So yes, we all know that Palin is a balloonhead. Even the conservative-realist Foreign Policy gave thanks on Thanksgiving that Palin has no access to US foreign policy making. I have given up reading the reviews. I don’t think anything could seriously convince me to read the book.
But Sam Tannenhaus really captures how Palin both channels and reflects the larger problem of right’s increasing abdication of seriousness about government altogether:
“On the campaign trail she discovered a power greater than public office: the power of celebrity,” writes Matthew Continetti, an editor at The Weekly Standard and the author of “The Persecution of Sarah Palin,” a book that combines besotted advocacy with an assault on the liberal media that “tried to bring down a rising star.”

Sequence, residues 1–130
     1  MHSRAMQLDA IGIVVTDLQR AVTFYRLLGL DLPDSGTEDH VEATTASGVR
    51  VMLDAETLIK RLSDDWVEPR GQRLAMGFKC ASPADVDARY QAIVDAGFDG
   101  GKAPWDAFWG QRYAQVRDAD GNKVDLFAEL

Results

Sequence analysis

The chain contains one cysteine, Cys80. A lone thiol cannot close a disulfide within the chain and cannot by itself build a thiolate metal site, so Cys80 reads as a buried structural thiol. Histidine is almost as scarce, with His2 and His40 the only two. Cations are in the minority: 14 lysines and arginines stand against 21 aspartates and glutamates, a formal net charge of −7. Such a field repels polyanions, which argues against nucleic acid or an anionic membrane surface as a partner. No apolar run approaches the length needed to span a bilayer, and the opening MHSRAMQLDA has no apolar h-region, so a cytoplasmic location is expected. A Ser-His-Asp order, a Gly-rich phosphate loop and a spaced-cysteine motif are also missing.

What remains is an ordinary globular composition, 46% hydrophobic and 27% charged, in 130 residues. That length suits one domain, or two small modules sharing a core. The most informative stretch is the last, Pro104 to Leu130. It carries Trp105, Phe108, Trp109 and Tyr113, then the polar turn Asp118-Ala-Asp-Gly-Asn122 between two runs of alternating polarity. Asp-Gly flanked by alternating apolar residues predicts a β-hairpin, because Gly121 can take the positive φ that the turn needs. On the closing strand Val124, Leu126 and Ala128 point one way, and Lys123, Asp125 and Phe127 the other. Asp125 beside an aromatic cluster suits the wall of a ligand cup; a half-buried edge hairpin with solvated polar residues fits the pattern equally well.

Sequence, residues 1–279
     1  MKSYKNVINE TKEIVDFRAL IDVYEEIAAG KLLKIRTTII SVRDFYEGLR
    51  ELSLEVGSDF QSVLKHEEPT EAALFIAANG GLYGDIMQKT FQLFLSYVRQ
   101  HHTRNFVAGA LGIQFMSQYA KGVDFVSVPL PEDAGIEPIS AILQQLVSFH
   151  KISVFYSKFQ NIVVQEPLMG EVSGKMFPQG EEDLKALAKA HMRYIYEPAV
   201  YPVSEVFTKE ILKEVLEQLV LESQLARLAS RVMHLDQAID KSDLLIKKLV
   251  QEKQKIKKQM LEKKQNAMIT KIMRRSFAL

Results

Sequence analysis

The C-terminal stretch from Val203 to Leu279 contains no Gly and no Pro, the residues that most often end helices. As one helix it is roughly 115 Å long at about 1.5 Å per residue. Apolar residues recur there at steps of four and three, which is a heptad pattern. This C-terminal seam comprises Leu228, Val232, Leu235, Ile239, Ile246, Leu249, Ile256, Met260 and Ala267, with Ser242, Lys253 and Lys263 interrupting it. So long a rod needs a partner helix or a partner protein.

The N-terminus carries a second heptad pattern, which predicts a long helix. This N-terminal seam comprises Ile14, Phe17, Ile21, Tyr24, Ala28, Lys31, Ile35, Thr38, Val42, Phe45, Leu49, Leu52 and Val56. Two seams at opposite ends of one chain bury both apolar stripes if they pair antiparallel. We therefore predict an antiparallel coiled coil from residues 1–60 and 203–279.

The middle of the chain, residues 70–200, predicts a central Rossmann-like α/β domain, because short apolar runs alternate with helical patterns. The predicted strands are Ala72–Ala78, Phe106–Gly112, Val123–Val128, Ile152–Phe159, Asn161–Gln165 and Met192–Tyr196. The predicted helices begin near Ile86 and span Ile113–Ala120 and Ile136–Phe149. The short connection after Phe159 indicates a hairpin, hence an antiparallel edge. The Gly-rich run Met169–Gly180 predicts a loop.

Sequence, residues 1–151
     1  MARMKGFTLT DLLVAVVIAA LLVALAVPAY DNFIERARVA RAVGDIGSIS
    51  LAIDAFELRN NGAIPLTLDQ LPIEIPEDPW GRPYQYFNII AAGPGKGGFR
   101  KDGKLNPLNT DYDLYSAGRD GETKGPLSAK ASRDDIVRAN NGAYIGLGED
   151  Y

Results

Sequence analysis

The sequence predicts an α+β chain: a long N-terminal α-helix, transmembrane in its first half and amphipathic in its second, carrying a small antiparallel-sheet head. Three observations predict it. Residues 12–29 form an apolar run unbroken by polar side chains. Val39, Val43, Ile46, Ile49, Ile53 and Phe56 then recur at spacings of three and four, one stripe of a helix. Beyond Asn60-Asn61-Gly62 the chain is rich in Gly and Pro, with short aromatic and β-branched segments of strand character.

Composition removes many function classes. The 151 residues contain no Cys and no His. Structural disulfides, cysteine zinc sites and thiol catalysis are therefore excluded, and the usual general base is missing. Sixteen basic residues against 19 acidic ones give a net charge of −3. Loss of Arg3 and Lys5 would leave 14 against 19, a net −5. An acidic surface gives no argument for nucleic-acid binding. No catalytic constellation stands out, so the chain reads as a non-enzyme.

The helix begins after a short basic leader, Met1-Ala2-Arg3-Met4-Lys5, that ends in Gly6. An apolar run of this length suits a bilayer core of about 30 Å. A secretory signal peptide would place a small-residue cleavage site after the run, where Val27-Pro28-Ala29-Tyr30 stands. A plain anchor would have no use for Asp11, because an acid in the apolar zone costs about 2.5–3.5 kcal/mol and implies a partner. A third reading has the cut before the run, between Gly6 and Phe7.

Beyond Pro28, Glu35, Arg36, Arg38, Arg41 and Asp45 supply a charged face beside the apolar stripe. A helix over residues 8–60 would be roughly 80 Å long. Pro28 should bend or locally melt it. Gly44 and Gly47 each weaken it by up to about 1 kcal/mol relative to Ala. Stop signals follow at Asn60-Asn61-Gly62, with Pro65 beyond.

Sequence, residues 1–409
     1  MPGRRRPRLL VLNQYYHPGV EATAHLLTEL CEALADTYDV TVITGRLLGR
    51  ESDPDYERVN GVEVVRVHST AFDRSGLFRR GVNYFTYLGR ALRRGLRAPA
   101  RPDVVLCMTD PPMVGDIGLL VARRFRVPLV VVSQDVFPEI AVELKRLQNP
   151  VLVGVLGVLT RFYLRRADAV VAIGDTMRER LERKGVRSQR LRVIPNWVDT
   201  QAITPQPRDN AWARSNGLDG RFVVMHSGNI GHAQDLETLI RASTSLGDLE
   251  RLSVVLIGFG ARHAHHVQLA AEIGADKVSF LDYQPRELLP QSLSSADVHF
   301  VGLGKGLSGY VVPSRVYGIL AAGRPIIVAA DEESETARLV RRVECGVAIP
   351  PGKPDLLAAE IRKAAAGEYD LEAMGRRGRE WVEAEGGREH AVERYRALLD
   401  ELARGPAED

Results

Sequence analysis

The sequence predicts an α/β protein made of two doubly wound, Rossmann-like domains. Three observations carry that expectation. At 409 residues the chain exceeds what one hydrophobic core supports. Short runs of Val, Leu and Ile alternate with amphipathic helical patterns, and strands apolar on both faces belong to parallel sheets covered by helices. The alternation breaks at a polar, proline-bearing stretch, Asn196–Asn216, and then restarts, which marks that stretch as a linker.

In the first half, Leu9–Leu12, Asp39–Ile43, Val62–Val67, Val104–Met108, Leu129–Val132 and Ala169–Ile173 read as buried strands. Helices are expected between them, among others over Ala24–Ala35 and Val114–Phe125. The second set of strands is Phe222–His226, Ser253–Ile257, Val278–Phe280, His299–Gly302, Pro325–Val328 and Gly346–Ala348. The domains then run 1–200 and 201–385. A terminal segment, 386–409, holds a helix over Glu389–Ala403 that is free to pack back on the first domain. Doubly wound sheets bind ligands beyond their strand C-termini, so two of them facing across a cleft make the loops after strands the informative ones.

“Greater than public office”: this phrase distills an emerging doctrine on the right, as its long-standing distrust of federal bureaucrats and costly programs careers off into full-scale repudiation of governance itself.
Yes, the logical end point of tea-parties, Fox News, the ‘Palin-as-serious-contender’ fantasy, the ‘Obama-as-Hitler’ trope, Rush, Beck, and all the rest of the 2009 conservative implosion is the growing recognition by the rest of the country that the right is not only unfit to rule, but increasingly unable to.
(Tannenhaus’ good book on recent US conservatism is here.)